• Service Performance Reporting Is your well-written Statement of Service Performance improving your chances of receiving the elusive funding dollar? Is the Statement of Service Performance adding value and actually helping your charity with strategic planning, governance and marketing yourself as a charity? Do you find that the burden of preparing your Statement of Service Performance outweighs the benefits? Are there certain areas you need more clarity on?
  • Is your Statement of Service Performance improving the conversations around your governance table? Has it helped you to get really clear about your priorities and stay on track? Has it helped the governing group articulate what you are doing for the year and the reasons why you have chosen to do these particular things? Are all of your committee or board involved in pulling together the SSP, rather than just the treasurer?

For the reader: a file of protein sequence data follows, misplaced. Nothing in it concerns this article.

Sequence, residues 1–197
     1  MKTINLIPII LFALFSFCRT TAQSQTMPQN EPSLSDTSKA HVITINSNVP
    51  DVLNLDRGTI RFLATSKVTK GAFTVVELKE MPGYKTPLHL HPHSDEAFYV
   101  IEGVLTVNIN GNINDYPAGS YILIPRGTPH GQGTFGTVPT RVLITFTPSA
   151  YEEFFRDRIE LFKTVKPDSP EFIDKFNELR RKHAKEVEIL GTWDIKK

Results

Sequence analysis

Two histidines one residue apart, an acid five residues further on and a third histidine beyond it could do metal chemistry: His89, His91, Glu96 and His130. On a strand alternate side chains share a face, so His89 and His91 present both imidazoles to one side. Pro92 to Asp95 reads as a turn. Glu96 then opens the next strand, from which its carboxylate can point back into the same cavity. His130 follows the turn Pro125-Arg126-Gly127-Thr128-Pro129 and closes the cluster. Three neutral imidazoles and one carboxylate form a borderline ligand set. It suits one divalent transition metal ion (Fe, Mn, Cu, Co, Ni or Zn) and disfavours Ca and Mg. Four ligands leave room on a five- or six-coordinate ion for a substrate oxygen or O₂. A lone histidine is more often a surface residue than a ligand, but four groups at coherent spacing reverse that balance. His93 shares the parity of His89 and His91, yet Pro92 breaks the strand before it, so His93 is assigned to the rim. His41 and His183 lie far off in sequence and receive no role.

The NZASB are mindful of the fact that a large number of charities are manned by volunteers and have also prepared an online survey for you to provide feedback quickly and painlessly.

 

So what are you waiting for?

More information of the NZASB’s Request for Information and the online survey can be found here. Help the NZASB to refine and improve these standards so that they can best meet the information needs of users and keep improving the overall quality of performance reporting across the charitable sector.

 

Background and history